The next morning we were up even earlier than the crack of dawn to get down to our basement-located MRT station for the trip out to the airport. What I will give Singapore is, you can dodge taxi’s the vast majority of time (see my original rant on this topic, some posts back) which is great considering how little it appears they actually want to take passengers to their intended destination.
Singapore “Changi” Airport wins a lot of praise, regularly, as a great airport, convenient, fun to transit through, etc. but even after the unquestionable “fun”, I’m still strongly of the opinion that no airport can be fun to be at early in the morning, no matter what they put in it. We hit up the Subway (one of the most horrendous Subway sandwich experiences I’ve ever had, just to clarify – so awful in fact that I only had a Subway again a week ago in January, when this was still last October) before boarding our flight to Denpasar.
Air Asia is a cheap airline, not a fun airline and I’d struggle to say we livened up any more on the circa 3 hour flight down to Bali as we refused flatly to buy anything on the flight and sat in that awkward half-awake, half-asleep way the entire trip. Denpasar Airport on the other hand comes equipped with a number of amusing moments for the first-time traveller. First on the list is the (brought about by the lack of a jetbridge to connect you directly with the terminal) almost hangover-like intense blast of heat that turns everyone on the plane into a tired-looking, profusely-sweating collective of wrecks. Then there was the bus ride to the terminal – the trouble was, the bus driver’s first gear was no longer ‘serviceable’ as they say, so after cutting out a few times, we got going in a belch of thick exhaust smoke in second gear. Then the entrance to the airport arrivals area, which is decked out as if they more or less plopped it all down in the middle of an old temple. Now that’s more like a fun airport, even if they didn’t at all mean it to be.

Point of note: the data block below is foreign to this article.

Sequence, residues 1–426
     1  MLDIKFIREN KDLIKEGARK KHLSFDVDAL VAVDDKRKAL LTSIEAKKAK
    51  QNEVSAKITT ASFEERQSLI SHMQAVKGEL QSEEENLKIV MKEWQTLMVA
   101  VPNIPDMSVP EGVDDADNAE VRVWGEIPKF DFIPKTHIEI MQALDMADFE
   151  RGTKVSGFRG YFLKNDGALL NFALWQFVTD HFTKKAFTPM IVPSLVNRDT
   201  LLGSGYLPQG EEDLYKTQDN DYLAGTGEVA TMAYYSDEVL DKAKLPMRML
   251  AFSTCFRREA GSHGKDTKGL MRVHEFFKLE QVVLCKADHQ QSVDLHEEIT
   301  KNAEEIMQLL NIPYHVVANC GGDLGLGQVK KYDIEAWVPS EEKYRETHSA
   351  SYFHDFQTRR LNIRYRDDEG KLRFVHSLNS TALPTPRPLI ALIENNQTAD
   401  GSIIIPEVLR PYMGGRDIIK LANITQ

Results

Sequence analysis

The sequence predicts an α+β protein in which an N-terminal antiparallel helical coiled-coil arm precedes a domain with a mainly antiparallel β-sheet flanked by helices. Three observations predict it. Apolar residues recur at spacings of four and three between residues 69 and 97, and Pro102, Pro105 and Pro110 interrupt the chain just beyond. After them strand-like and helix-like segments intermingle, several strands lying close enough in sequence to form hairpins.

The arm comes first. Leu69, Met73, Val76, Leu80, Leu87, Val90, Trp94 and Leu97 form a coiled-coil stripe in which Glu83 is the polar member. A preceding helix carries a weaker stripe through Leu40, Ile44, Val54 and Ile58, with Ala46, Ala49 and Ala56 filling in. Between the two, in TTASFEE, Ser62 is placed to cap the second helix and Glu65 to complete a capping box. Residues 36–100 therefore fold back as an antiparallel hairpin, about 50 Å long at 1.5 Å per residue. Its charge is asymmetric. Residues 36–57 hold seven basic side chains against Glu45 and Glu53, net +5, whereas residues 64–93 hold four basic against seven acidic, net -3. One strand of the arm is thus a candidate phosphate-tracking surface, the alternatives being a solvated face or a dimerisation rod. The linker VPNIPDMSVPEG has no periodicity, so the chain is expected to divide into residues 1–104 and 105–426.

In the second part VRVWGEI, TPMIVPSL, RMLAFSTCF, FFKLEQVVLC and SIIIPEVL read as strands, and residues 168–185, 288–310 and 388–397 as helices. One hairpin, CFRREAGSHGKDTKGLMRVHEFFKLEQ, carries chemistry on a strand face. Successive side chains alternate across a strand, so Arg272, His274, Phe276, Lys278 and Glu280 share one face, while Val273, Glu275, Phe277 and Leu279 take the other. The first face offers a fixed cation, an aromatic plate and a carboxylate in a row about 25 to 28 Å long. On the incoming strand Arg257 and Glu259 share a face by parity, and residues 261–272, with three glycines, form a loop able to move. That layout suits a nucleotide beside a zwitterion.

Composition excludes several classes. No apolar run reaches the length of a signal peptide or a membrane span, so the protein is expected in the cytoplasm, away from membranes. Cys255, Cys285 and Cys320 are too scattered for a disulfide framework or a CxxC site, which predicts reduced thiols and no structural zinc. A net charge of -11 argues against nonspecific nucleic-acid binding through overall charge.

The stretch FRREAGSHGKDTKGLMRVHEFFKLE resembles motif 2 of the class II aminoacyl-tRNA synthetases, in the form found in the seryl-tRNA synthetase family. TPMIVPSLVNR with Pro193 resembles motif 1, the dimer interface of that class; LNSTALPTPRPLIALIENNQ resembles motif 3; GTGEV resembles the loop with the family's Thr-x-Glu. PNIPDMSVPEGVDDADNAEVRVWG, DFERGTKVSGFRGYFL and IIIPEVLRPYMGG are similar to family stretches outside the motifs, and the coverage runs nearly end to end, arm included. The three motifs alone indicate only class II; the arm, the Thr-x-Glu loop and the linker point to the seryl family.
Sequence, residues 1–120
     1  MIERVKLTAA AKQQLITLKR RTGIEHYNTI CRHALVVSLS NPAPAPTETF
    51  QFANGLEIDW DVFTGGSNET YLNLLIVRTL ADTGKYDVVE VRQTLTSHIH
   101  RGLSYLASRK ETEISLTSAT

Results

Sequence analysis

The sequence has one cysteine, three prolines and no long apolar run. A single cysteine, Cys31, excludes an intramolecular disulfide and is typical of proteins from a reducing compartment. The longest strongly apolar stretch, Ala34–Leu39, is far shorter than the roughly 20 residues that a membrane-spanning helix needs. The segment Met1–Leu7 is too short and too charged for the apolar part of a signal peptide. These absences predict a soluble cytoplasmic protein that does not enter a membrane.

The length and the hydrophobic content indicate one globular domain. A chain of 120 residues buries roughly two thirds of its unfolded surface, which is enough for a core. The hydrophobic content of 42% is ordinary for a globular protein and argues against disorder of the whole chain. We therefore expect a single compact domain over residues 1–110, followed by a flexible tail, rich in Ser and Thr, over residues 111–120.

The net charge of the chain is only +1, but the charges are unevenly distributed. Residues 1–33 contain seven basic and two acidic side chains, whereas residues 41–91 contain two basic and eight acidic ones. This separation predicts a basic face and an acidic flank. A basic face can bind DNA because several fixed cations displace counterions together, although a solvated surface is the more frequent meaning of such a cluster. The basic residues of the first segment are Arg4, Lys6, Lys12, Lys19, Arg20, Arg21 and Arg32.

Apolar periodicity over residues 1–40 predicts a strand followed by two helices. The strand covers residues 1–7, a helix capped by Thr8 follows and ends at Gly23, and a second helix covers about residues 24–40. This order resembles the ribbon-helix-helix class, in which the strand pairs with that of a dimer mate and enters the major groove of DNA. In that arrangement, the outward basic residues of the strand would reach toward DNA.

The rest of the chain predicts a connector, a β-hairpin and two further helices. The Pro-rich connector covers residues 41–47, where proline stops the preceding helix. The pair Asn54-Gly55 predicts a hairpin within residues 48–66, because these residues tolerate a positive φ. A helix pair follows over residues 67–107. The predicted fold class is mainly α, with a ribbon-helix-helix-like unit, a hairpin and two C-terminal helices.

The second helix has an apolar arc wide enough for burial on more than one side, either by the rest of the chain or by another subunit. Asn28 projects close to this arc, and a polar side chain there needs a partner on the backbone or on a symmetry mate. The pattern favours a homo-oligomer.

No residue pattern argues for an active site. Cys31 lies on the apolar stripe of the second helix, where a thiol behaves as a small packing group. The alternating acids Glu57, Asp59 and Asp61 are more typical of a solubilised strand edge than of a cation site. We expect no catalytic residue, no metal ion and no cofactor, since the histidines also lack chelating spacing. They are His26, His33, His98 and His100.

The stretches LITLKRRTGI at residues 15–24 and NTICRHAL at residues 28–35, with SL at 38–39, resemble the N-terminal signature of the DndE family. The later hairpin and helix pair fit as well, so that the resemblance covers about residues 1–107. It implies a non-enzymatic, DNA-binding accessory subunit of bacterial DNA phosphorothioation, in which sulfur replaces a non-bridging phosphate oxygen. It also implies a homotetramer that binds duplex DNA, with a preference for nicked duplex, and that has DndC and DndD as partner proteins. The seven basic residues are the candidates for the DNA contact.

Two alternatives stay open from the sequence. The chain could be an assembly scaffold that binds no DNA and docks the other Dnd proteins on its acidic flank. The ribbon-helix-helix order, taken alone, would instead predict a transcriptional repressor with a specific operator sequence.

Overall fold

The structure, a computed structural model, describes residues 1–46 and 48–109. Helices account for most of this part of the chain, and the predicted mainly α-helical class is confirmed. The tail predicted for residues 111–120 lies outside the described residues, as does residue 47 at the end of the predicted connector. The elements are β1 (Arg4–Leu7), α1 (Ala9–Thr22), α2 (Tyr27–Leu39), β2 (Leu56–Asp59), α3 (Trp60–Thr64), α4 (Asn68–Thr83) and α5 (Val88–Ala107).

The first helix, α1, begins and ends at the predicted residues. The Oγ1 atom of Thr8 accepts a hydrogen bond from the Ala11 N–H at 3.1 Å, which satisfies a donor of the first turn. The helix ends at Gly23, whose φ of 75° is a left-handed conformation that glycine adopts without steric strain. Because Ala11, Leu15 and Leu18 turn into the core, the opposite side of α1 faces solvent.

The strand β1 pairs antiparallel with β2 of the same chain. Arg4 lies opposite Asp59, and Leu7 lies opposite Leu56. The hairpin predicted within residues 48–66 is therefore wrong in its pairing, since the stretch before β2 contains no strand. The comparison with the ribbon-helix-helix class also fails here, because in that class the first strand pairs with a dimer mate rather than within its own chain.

Sadly, there’s a charge payable to visit Bali – I’m always a bit loathe to pay these charges ever since I was caught out in New Zealand with their ridiculous departure tax – but considering the work they’re doing next door to make the airport new, and possibly a lot less fun and original, I can kind of appreciate it. Aside from that, we were only there thanks to the generosity of our friend Carol (and husband, Michael), whose site(s) I also work on (thank you, again!). Our driver was at least initially, nowhere to be seen. And while Bali’s taxi drivers are a very enthusiastic bunch if you’re not familiar with Asian taxi drivers, we’ve developed (me, in particular) a very specific nod of the head that seems to always do the trick so we stood outside Starbucks for a while, while I nodded my head with such frequency that it probably appeared I was having some sort of allergic reaction to taxi drivers.
Into the car and onwards. Now, I’ve travelled in India and a host of other places where the traffic is known for being a bit lunatic…but this was hardcore. There was one particular junction (marked by a stone Buddha in what was otherwise the middle of two streets) where two main roads seemingly just blended together. The result was complete chaos of the very highest levels. Despite consistently scoring highly on ‘spatial relations’ in aptitude tests throughout my life, I failed to understand how 30 cars could fit into such a compact space of two roads becoming one even smaller road and somehow still be moving along, steering frantically left and right to avoid hitting others within millimetres of each other. Not much farther down the road, we came to the first recommendation of the trip – food shopping at the Bintang! It’s rare that you get excited about a supermarket but we tore into it with reckless abandon, Anna stocking her trolley up with fruit, bread and other essentials. I, on the other hand, stocked my trolley up with fruit, chips and several cases of the local brew, also named ‘Bintang’. The bill? 475,000 Rupiah.
Back into the car and onto the road once more, we drove for a while. Then a while longer. I changed positions a few times, before starting to need to use the toilet. Carol had forewarned us that the journey could be between “2 and a half hours, and all day” – somehow I’d completely forgotten this in the process of buying fresh milk and not using the toilet when I’d the chance. The view and the scenery, to give credit, was exactly as predicted…that is to say, amazing. After a few hours, I very deliberately weaned myself off drinking any more water for fear that it might exacerbate the situation. In total, the journey was close enough to 4.5 hours and I somehow kept myself relatively composed on arrival and didn’t actually go racing to the toilet until everyone had left.
And by everyone, there was quite the welcome committee. Carol and Michael’s house, located in a very pleasantly quiet and sedate area came complete with its very own welcome committee – Anna, as usual, did a reasonable job of meeting everyone and looking relatively intact while I traipsed behind, instantly forgetting names and probably looking like I’d been kicked out of a nightclub as opposed to a well-heeled guest. But, nobody seemed to care and the house – evidently spectacular, before we’d even set foot inside!
All I needed was an ice-cold Bintang, a shower and a chance to take it all in…